Research priority setting for health policy and health systems strengthening in Nigeria: The policymakers and stakeholders perspective and involvement

  • CJ Uneke
  • AE Ezeoha
  • CD Ndukwe
  • PG Oyibo
  • F Onwe
  • BK Aulakh

Abstract

Introduction: Nigeria is one of the low and middle income countries (LMICs) facing severe resource constraint, making it impossible for  adequate resources to be allocated to the health sector. Priority setting becomes imperative because it guides investments in health care, health research and respects resource constraints. The objective of this study was to enhance the knowledge and understanding of policymakers on research
priority setting and to conduct a research priority setting exercise.

Methods: A one-day evidence-to-policy research priority setting meeting was held. The meeting participants included senior and middle level  policymakers and key decision makers/stakeholders in the health sector in Ebonyi State southeastern Nigeria. The priorities setting meeting involved a training session on priority setting process and conduction of priority setting exercise using the essential national health research (ENHR) approach. The focus was on the health systems building blocks (health workforce; health finance; leadership/governance; medical  products/technology; service delivery; and health information/evidence).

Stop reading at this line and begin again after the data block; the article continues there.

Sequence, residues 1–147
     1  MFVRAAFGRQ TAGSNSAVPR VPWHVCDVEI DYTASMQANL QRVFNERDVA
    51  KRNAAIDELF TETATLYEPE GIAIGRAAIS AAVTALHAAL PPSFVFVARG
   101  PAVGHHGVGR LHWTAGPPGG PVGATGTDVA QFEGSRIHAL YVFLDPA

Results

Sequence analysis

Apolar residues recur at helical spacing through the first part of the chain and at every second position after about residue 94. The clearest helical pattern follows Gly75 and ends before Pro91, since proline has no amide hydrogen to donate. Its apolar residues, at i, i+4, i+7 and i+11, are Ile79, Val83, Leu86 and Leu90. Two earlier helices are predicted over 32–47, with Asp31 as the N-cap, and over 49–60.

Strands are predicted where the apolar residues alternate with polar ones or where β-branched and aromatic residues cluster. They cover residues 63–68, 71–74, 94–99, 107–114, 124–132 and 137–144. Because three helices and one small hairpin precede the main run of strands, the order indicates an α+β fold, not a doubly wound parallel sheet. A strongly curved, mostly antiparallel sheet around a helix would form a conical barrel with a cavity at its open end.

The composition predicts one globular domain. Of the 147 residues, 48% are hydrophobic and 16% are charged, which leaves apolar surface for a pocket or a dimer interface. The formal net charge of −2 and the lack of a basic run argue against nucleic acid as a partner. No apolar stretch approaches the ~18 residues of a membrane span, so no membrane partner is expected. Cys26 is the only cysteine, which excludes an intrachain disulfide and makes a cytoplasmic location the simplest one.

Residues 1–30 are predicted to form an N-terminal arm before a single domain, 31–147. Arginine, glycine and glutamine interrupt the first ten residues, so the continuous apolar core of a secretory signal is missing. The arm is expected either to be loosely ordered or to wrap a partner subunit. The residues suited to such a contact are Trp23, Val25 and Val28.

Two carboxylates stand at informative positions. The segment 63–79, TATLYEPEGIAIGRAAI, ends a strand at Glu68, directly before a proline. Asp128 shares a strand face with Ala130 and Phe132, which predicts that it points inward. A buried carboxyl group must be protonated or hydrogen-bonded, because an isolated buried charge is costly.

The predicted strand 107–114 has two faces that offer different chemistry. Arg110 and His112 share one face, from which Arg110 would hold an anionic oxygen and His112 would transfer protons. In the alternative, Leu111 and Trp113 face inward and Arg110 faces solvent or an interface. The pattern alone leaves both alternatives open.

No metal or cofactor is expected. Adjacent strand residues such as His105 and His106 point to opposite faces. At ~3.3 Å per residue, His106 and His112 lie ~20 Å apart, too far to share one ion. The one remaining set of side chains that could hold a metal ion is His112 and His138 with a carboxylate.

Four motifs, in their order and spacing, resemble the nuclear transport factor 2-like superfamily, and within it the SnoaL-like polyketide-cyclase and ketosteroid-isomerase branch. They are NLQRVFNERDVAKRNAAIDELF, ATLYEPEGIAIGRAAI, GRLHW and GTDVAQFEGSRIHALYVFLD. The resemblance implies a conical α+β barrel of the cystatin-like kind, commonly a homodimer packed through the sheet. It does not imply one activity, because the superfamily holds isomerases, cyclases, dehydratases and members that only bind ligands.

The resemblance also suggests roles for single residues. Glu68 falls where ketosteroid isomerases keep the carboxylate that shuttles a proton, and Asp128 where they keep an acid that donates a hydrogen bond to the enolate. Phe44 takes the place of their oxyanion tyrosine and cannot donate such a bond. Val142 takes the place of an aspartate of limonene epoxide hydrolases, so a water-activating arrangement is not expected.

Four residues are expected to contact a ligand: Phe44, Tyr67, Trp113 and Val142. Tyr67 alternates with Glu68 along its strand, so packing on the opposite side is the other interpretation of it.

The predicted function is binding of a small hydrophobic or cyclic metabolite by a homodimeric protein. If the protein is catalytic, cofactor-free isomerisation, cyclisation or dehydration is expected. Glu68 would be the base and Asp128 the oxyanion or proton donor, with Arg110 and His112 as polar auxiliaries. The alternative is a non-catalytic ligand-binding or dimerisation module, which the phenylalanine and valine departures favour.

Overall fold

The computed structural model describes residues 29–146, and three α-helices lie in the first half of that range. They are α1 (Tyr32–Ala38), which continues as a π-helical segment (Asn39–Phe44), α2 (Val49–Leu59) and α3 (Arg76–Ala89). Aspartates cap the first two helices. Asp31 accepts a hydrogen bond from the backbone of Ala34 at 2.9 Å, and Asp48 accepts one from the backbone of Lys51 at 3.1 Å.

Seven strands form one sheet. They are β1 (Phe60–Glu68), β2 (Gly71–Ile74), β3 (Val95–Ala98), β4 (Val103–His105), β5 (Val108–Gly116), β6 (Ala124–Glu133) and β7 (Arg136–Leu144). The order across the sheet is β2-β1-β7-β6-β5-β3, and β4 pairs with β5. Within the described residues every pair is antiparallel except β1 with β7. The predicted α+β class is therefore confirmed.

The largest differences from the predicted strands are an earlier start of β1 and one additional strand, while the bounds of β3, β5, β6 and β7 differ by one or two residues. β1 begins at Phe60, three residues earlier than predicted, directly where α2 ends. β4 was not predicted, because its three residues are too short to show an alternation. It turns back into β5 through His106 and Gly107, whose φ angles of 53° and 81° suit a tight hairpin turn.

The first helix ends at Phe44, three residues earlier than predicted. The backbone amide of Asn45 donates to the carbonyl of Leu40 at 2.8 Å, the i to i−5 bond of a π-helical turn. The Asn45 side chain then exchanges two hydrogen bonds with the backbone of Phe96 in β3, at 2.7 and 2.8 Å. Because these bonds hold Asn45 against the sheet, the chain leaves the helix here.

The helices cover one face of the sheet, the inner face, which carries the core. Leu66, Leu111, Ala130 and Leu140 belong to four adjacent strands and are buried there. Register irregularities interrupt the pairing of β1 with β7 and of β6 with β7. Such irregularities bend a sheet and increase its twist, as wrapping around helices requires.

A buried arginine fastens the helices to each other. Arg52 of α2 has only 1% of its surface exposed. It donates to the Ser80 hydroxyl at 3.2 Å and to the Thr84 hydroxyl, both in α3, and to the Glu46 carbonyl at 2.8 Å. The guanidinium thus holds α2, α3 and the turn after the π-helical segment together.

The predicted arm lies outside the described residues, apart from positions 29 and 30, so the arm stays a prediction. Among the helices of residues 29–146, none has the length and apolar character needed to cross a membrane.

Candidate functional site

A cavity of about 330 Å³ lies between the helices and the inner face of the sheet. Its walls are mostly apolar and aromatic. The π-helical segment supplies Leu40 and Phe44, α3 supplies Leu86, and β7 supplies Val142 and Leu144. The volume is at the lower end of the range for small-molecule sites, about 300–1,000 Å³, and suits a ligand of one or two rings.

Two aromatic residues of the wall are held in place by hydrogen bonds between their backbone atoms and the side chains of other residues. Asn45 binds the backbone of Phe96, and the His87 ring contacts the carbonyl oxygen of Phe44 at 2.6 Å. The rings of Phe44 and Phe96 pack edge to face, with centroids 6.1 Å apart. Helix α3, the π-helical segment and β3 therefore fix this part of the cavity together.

Results: Of the total of 92 policymakers invited 90(97.8%) attended the meeting. It was the consensus of the policymakers that research should focus on the challenges of optimal access to health products and  technology; effective health service delivery and disease control under a  national emergency situation; the shortfalls in the supply of professional personnel; and the issues of governance in the health sector    management.

Conclusion:Research priority setting exercise involving  policymakers is an example of demand driven strategy in the health  policymaking process capable of reversing inequities and strengthening the health systems in LMICs.

Published
2014-05-05
Section
Articles

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eISSN: 1937-8688